President Lazarus Chakwera has asked Malawians to support his administration’s efforts to rebuild the country and adopt a focused collective action approach in 2021.
The President, who emphasised that nation building is a national activity, made the appeal last night in a televised New Year address monitored on taxpayer-funded Malawi Broadcasting Corporation (MBC).
He said: “I say that our response to national problems in 2021 must be characterised by action, not finger pointing and blame game. I know that there are those in our midst whose entire profession and income depends on their persistence in pointing fingers and playing the blame game.
“But the task of nation building needs men and women of decisive action, not nay-sayers.”
Chakwera said adopting a nation-building approach is necessary because the problems the country faces, including food security, corruption, healthcare, education, agriculture, unemployment or Covid-19, affect everyone.
He said even in the middle of multiple crises, the country can rise to the occasion and beat the odds if people choose to take collective action.
Added the President: “The country needs practitioners and not theorists… So as 2020 leaves the stage and 2021 enters, I want to call on all of you to choose the path of always responding to problems around us with focused collective action. I look forward to sharing my administration’s top priorities in the next few weeks.”
Chakwera further highlighted some accomplishments his administration has made in the 185 days it has been in office.
The achievements include removing incompetent and corrupt officials from public service, managing the prevention and treatment of Covid-19 by involving multiple stakeholders, and increased funding to Anti-Corruption Bureau (ACB).
Others were launching the Affordable Inputs Programme which has so far reached 75 percent of farmers, removing income tax for people earning less than K100 000 a month, bringing inflation down from 11.5 percent to 7.3 percent and operationalising the Access to Information (ATI) Act.
The President also pointed out the raising of the minimum wage from K35 000 to K50 000; restructuring of the National Economic Empowerment Fund, formerly Malawi Enterprise Development Fund and an increase in the fund’s allocation from K40 billion to K75 billion; commencement of construction of 10 000 houses for security agencies and completion of the first phase of the Public Sector Reforms across the civil service.
Chakwera reiterated that fixing the country will be a painful process which cannot be done without a significant measure of fortitude and sacrifice.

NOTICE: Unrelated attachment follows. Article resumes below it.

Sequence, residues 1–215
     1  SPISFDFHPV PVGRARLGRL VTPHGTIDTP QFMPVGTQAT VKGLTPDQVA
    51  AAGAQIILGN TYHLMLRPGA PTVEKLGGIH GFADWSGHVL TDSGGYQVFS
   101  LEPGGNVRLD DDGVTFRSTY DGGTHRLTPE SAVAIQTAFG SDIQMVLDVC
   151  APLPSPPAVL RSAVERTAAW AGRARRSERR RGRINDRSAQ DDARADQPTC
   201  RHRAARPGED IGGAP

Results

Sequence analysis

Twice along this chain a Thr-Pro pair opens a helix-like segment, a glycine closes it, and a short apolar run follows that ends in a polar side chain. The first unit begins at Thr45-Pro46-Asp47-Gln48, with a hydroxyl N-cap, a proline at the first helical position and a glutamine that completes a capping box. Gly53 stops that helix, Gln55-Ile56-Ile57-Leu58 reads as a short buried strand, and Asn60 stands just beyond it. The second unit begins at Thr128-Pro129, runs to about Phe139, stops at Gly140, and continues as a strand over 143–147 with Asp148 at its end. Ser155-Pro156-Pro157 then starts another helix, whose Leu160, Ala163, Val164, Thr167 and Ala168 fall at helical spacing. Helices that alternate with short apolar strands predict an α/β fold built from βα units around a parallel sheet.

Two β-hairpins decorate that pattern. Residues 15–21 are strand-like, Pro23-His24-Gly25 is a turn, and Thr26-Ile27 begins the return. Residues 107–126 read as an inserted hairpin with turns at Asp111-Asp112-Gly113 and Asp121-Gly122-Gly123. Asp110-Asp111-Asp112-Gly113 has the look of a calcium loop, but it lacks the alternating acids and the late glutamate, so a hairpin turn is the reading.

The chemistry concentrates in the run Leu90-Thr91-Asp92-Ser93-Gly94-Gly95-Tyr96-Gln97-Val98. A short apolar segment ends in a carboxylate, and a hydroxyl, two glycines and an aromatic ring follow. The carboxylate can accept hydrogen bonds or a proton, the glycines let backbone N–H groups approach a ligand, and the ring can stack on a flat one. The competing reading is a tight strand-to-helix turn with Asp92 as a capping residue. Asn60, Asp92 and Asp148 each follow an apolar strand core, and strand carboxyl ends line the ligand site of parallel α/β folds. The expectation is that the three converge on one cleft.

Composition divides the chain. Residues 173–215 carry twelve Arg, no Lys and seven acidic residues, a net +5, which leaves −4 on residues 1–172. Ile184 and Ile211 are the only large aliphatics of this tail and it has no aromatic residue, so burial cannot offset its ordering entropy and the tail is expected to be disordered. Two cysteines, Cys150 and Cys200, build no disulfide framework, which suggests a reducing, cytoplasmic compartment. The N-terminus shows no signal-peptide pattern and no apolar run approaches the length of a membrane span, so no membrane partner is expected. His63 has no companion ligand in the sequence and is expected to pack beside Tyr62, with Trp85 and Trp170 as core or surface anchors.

He said: “It cannot be done if our concern is getting what we each think we deserve for what we each did to make Chakwera and [Saulos] Chilima as President and Vice-President.
“It cannot be done if we keep thinking a change in the presidency signals an invitation for a new set of rabble to have their turn to eat and plunder. Fixing this country requires focused collective action motivated by a love of our country, not personal reward.”
The President also hailed the five Constitutional Court judges for their role in the presidential election nullification case.
In October last year, the five High Court judges who presided over the landmark May 21 2019 presidential election nullification petition case, were conferred a prestigious international award by London-based think tank Chatham House for upholding judicial independence. The judges were Ivy Kamanga, Dingiswayo Madise, Healey Potani, Redson Kapindu and Michael Tembo.
He ended his address by emphasising that with focused collective action, executing the 2030 agenda and moving towards agenda 2063 with discipline, Malawi will be the country of the decade.
A special analysis The Nation did in October 2020 to highlight the Tonse Alliance’s 100 days in power, gave a mixed picture of its performance.
While United Democratic Front secretary general Kandi Padambo praised Chakwera for appearing in Parliament and displaying decisiveness in dealing with issues of fraud, corruption and abuse of office, governance expert Henry Chingaipe said the President has been slow on action.
He, however, said Chakwera “set the policy direction”.
Responding to questions on Chakwera’s performance in promoting national unity and reconciliation, Chancellor College political analyst Ernest Thindwa lauded the President for laying the foundation for resolving regional and political divisions.
Chakwera partnered Chilima, who is president of UTM Party, and seven other political parties to form a nine-party Tonse Alliance in the June 23 court-sanctioned presidential election that ousted the Democratic Progressive Party from power.